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State: Jury Should Hear From Piano Students In Sexual Assault Case

Aaron Parlier
Bloomington Police
Aaron Parlier, left, in 2008 and again in 2011.

Seven of Aaron Parlier’s former piano students should be allowed to testify at the first of six jury trials the Bloomington man will face on charges accusing him of sexual assault and child pornography, a prosecutor argued on Friday.

Parlier, 39, was charged in 2018 with 38 felony counts, including predatory sexual assault of a minor and 23 counts of child pornography. Charges span Parlier’s contact with the alleged victims from 2009 to 2016.

Assistant State’s Attorney Erika Reynolds argued the jury considering child pornography charges involving one of six alleged victims should hear from others who have accused Parlier of sexual misconduct.

“It’s important the jury know the whole story here,” Reynolds told Judge Casey Costigan.  

According to authorities, the story started with a poem authored by one of the minors about being sexually assaulted by Parlier, her piano teacher. School officials notified police who began an investigation that led to criminal charges against Parlier.

“That’s how the ball got rolling,” said the prosecutor.

Testimony from the girl who wrote the poem and others could help jurors understand how Parlier's conduct went from a few lewd comments and inappropriate touches to sex with his students, said Reynolds.

In addition to the six victims identified in charges by their initials, police also interviewed two other students who accused Parlier of misconduct, but were not included in charges. The state is asking that those witnesses and three others with knowledge of the alleged crimes be allowed to testify at the first trial.

Potential evidence against Parlier includes descriptions from one former student of a years-long sexual relationship with her former piano teacher, according to the state. In his police interview, Parlier admitted he sent a sexually explicit photo to a girl for her opinion before sending it to his girlfriend, said Reynolds.

One former student told police she believed her teacher may have videotaped her practicing at the keyboard while she was nude, according to prosecutors.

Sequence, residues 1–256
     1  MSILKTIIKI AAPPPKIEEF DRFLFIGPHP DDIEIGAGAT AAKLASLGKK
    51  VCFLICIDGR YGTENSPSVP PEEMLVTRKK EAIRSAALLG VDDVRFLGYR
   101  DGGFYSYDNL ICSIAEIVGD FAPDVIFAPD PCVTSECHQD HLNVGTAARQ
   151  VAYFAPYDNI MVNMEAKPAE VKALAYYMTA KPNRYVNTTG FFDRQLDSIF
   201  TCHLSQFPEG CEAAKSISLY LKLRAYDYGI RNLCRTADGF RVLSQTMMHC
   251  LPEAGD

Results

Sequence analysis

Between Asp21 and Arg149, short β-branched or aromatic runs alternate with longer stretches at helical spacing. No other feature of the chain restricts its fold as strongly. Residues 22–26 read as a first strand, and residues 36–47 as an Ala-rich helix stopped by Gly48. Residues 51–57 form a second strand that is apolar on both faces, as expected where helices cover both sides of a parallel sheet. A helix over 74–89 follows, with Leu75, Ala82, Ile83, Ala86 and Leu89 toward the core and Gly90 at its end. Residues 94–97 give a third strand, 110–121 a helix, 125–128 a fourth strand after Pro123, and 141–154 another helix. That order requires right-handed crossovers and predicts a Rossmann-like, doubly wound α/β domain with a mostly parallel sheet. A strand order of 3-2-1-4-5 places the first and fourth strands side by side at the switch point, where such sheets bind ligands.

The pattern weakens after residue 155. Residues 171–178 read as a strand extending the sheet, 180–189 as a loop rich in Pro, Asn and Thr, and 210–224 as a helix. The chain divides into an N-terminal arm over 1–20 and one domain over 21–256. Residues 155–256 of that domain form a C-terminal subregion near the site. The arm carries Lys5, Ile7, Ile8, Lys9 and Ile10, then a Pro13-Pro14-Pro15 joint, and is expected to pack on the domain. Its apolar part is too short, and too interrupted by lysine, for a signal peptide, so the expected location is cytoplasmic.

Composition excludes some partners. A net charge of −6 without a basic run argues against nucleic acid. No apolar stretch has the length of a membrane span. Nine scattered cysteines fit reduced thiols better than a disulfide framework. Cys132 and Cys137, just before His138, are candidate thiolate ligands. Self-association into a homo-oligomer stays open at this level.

The testimony of witnesses who could share allegations of crimes beyond those laid out in the pornography counts at the first trial could be prejudicial to the defense, argued Parlier's lawyer, Adam Bolotin. The state should be able to explain the timeline of charges without calling other alleged victims to testify, said the Chicago lawyer.

The testimony from multiple witnesses could create “a confusion of issues that becomes a trial within a trial within a trial,” said Bolotin.

Costigan earlier ruled that Parlier is entitled to six separate trials on allegations involving each victim.

Reynolds said the state will introduce videos allegedly created by Parlier of sexual activity with his students. Captions posted by Parlier on the videos identifies some of the minors, including their ages, said Reynolds.

“The defendant’s own video documentation proves that it happened,” said Reynolds.

Jurors should hear from a student who may have been one of Parlier’s earliest victims, said Reynolds.  Testimony from a minor girl who told police she quit lessons after her teacher “got handsy with her” around 2005 may represent the first step in what escalated to serious misconduct by Parlier, said the prosecutor.

A Bloomington police officer who reported seeing one of Parlier’s victims engage in what could in hindsight be viewed as troubling conduct also should testify at the first trial, Reynolds argued.

Before the criminal investigation began, Bloomington police Sgt. Ivy Thornton noticed one of the minors put her around Parlier as he played the piano at a high school prom, said Reynolds.

Costigan took the state’s motion under advisement, saying he will issue a ruling in about two weeks. A Jan. 11 hearing is set to review the status of the case. Parlier remains in the county jail.

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Edith began her career as a reporter with The DeWitt County Observer, a weekly newspaper in Clinton. From 2007 to June 2019, Edith covered crime and legal issues for The Pantagraph, a daily newspaper in Bloomington, Illinois. She previously worked as a correspondent for The Pantagraph covering courts and local government issues in central Illinois.
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